Sam Coull


In the centre of Peterhead stands a statue. Few know that it represents one of Scotland's greatest soldiers, Field Marshall James Keith of Inverugie. Born in 1694, Keith fought for the jacobites in both 1715 and 1719. After their defeat he ended up in Russian service rising to the highest level. He fought major campaigns in both Poland and the Ottoman Empire and was instrumental in creating the Russian army. Empress Elizabeth wanted to become his mistress but Keith was unwilling and fled to the service of Frederick the Great. It was one of the greatest mistakes the Russian Empress could have made.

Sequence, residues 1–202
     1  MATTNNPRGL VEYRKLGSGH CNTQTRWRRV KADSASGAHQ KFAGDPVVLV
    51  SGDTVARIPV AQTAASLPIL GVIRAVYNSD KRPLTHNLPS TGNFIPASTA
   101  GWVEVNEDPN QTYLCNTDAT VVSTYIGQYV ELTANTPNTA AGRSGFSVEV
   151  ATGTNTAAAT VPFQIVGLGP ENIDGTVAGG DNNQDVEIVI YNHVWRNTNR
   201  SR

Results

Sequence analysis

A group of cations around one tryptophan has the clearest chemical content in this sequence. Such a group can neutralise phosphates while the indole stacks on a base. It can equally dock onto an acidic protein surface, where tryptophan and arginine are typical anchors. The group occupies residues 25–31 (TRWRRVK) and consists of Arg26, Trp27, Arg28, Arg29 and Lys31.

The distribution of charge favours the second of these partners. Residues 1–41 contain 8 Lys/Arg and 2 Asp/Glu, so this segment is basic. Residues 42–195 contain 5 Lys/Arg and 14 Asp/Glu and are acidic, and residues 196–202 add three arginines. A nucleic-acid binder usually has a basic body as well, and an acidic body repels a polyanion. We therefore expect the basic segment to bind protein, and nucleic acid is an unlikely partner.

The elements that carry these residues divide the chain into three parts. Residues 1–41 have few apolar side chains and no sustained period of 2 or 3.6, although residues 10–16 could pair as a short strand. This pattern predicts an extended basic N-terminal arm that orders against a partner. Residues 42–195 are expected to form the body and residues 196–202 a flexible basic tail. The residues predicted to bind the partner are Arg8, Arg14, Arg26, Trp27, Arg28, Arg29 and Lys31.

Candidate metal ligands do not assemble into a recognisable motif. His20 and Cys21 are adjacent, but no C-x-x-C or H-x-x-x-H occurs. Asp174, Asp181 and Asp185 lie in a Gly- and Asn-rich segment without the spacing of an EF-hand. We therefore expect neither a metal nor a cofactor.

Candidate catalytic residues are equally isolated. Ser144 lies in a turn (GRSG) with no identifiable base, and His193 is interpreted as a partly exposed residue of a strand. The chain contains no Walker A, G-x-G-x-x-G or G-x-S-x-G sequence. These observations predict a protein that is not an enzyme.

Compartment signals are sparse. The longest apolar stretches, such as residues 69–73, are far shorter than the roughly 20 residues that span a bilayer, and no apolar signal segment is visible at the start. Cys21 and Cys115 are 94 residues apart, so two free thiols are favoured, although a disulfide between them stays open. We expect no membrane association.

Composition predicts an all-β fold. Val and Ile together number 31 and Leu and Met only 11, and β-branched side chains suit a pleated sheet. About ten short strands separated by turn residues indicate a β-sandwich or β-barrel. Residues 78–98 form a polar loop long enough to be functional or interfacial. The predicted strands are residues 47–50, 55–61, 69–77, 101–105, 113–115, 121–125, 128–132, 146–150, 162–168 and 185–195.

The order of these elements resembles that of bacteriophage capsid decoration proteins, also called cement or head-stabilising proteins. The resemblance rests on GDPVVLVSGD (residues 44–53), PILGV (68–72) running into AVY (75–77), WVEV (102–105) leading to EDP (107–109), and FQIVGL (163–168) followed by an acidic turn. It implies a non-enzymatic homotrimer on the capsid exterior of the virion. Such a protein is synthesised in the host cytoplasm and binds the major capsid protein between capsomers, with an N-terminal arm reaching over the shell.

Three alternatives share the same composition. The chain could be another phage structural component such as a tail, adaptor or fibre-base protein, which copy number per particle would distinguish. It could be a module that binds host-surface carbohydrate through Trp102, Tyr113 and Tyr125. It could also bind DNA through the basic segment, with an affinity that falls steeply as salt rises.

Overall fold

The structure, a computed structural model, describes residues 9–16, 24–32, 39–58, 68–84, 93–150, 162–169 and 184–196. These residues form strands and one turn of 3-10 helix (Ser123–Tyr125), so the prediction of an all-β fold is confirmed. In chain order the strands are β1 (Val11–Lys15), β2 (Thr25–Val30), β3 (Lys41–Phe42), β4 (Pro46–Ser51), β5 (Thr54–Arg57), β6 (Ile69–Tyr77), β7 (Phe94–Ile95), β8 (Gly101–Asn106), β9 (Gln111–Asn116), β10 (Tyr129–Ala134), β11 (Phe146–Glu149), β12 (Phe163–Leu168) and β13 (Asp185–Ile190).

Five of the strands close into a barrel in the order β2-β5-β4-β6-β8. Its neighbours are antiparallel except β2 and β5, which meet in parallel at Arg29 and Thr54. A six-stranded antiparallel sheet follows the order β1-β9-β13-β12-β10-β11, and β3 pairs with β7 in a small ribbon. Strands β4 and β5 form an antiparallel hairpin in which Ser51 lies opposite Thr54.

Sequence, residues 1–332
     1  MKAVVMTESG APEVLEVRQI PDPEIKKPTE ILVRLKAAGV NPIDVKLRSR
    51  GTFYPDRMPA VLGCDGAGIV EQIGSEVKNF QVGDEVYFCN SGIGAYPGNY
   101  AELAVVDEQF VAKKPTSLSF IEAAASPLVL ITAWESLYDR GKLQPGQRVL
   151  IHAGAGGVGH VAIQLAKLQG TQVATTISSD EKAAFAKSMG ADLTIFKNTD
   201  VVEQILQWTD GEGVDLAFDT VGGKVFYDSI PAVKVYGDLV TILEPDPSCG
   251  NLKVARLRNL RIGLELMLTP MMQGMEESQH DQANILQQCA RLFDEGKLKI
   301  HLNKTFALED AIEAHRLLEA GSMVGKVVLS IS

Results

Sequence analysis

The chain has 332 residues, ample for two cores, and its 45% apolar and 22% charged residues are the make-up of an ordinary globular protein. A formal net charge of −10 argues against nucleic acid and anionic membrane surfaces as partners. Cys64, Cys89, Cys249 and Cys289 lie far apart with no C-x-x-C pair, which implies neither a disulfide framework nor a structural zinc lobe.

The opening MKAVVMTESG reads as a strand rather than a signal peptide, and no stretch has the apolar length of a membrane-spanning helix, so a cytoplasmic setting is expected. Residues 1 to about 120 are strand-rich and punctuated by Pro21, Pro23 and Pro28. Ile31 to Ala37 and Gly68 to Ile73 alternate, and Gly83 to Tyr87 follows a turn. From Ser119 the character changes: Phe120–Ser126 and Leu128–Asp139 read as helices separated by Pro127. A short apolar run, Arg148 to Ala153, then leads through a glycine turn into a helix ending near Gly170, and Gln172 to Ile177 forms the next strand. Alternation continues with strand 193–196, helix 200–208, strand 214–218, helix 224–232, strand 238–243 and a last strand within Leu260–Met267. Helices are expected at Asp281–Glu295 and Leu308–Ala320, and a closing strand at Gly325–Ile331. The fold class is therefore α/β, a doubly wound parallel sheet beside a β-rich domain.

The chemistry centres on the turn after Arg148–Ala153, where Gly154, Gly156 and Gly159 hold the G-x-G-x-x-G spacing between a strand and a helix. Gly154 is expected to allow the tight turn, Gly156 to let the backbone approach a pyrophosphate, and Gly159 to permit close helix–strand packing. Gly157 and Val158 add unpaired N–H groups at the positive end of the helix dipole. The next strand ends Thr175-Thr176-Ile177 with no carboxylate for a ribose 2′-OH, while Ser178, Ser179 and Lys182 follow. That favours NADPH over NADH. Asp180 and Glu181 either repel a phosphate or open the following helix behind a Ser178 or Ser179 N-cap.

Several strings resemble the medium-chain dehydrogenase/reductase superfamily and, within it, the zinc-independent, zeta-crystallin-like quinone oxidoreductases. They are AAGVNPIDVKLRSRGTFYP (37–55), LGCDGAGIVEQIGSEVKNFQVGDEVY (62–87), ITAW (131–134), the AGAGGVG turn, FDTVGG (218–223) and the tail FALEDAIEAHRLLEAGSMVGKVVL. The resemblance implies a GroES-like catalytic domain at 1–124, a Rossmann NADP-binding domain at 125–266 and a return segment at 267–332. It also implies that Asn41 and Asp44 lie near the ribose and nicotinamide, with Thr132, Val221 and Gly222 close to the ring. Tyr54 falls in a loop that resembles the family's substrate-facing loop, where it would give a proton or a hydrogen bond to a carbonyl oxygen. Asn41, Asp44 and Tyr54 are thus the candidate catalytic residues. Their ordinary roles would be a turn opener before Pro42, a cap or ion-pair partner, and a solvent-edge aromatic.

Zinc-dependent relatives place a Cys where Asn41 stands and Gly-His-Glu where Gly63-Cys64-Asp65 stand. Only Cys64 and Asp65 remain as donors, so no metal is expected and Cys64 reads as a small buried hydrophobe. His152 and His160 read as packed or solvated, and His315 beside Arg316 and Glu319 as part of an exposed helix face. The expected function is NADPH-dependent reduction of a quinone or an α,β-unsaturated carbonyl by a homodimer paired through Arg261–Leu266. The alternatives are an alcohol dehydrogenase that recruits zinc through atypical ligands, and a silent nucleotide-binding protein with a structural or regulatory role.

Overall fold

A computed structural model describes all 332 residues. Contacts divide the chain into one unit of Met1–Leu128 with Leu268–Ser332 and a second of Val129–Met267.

As one of the right hand men of Frederick the Great, Keith fought in the opening battles of the Seven Years War. At Hochkirch, however, disaster struck. Despite the warnings of Keith and others Frederick's army was in a trap. it was Keith's heroism which saved Frederick and the young Prussian State from destruction. Keith paid with his life. Today he is still remembered as one of the heroes of Prussia.

Sam Coull's book serves to restore him to his rightful position in his native land as one of Scotland's greatest soldiers and greatest men.

ISBN 1-84158-024-4


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